Everybody’s trying really hard not to call it the end of an era. But after 48 years the Toshiba Corporation is no longer the chief sponsor of the Sazae-san cartoon. Based on Machiko Hasegawa’s mild-mannered comic series, which itself ran from 1946 to 1974, Sazae-san has always been a time-capsule of post-war Japan. Its leading characters, a family with three children and several relatives, led by the titular harassed housewife, were always intended to be timeless. Scriptwriter Masaki Tsuji once explained that the stories were supposed to be as taboo-free as possible, sure to catch the largest possible viewership on primetime. But they were also decreed to be free of bad language, modern slang and electronic devices.
Sazae-san lives in a Japan untroubled by right-wing nationalism or looney religious cults, where nobody has heard of Tinder or Facebook. She has become a living fossil – even her three-child family is an outmoded phenomenon in a Japan where few can afford more than one kid. If you haven’t heard of her, then you can blame her late creator, whose contracts, signed before most of you were born, stipulated no spin-offs, which has been interpreted as meaning a ban on videos and DVDs.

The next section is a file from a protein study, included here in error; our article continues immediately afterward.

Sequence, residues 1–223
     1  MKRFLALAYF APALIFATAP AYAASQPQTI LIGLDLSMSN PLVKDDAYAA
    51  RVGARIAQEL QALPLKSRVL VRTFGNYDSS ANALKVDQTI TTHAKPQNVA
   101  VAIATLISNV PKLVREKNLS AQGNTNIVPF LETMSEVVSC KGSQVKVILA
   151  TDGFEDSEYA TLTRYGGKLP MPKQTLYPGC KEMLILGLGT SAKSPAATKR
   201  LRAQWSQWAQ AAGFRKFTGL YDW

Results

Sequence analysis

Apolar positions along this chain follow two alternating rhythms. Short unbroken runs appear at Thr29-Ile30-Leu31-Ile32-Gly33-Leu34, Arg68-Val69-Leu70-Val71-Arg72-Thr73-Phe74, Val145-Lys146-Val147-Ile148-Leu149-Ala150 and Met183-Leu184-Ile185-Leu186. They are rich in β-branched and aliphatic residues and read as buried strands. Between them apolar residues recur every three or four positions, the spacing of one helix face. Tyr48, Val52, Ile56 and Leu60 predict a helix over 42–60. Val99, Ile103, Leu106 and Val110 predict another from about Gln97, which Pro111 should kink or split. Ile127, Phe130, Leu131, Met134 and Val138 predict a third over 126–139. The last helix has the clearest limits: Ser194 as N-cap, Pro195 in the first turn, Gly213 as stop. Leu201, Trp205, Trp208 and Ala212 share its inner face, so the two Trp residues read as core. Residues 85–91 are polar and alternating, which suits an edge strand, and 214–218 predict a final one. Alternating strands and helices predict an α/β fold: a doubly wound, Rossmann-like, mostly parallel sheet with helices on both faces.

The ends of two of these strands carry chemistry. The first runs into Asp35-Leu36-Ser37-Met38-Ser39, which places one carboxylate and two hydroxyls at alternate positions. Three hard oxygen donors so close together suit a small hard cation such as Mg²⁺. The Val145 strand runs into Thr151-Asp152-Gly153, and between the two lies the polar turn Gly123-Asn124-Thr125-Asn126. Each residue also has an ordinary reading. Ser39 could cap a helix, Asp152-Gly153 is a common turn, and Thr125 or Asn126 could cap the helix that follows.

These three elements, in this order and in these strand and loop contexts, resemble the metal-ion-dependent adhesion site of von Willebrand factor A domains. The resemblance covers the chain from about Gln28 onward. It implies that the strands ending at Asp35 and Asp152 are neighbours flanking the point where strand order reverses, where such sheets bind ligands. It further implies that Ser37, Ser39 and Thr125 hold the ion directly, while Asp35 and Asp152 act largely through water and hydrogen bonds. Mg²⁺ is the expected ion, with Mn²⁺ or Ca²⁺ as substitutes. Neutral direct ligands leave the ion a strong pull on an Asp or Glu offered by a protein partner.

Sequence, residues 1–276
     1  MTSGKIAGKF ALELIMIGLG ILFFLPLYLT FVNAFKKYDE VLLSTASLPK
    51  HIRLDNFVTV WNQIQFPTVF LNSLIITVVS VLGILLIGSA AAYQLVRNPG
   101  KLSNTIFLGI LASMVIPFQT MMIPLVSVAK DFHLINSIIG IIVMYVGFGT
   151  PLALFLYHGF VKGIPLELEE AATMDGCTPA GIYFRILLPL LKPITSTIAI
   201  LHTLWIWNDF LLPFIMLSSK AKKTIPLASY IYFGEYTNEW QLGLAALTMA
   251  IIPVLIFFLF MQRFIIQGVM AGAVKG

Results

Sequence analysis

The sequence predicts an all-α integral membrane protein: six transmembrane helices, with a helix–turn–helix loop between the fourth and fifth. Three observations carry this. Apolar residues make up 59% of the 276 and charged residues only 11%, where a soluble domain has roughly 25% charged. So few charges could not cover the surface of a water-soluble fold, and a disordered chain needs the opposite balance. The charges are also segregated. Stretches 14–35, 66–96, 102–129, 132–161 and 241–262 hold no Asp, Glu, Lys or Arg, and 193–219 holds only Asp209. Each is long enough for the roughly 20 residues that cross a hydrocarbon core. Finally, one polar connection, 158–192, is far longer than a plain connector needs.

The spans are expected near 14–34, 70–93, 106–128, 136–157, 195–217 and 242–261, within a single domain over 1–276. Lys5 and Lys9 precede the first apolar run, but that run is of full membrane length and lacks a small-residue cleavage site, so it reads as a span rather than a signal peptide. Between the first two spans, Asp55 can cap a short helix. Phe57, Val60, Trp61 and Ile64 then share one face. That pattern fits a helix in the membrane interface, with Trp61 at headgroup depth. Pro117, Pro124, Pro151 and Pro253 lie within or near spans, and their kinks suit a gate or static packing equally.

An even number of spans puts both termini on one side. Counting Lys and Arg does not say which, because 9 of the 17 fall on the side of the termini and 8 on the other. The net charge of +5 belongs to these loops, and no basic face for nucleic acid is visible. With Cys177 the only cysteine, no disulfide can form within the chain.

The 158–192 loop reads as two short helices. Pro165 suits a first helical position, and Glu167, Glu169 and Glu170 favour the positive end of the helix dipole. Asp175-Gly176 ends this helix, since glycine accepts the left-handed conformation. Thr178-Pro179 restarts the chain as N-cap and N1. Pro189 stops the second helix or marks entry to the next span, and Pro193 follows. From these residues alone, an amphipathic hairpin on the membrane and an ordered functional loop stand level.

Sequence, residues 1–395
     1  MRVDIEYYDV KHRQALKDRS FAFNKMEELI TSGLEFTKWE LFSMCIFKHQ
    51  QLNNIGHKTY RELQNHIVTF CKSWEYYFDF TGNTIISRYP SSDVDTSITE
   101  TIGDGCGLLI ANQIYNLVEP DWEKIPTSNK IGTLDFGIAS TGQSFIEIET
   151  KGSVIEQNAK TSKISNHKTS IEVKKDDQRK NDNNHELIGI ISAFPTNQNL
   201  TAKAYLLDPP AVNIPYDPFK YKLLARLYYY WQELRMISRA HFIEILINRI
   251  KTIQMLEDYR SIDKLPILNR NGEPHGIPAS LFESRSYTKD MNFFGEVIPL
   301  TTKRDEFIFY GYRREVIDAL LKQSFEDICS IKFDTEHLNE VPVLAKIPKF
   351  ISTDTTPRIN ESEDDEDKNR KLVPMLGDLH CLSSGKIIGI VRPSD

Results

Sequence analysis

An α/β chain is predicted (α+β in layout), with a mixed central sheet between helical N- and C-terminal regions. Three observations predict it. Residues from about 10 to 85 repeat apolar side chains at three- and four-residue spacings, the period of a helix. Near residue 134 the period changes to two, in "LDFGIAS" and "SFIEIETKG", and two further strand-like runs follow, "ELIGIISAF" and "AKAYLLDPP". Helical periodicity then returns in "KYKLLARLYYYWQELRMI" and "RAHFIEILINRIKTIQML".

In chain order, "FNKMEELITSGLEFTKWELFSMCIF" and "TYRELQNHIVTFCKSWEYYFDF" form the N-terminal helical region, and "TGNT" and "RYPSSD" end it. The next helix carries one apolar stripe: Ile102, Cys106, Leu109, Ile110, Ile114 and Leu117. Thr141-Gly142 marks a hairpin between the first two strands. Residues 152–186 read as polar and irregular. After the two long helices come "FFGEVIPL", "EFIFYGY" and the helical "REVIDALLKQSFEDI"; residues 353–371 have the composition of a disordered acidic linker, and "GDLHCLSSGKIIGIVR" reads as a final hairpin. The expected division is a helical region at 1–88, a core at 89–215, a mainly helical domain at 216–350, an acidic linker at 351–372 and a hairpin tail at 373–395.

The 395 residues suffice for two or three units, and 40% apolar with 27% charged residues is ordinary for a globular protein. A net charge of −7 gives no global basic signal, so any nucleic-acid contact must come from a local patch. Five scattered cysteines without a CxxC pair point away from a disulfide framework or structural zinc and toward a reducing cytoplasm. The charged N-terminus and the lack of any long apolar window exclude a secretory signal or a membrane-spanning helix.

That hasn’t stopped Sazae-san being the top-rated cartoon on Japanese television, and the longest-running cartoon series in the world. And all through her broadcasting history, Toshiba has paid the big bucks to top and tail every episode with whatever is up to the minute in electronics – air conditioners, washing machines, faxes and laptops. For the first thirty years, Toshiba was the sole sponsor, and even sneaked some of its devices into the show itself in early product placements.
But now that all has to change. Stumbling in the American atomic energy market and reeling from a series of accounting scandals, Toshiba can’t afford to keep fronting the cash. Instead, it gave the producers a season’s head start to find new sponsors, and officially bows out this March.
Is this the end for Sazae-san? Fortunately not – although nobody has the clout to be the sole sponsor of a primetime anime, someone did rustle up a committee of new sponsors to carry the costs. Clearly seeing the viewership as a bunch of young home-makers, the baby-wares company Nishimatsu has stepped up, alongside Daiwa House, a residential builder. Another new funder is Amazon Japan, suggesting that perhaps Sazae-san might soon be under pressure to allow a particular kind of new spin-off after all. Could streaming episodes be in its future…?
Jonathan Clements is the author of Anime: A History. This article first appeared in NEO #174, 2018.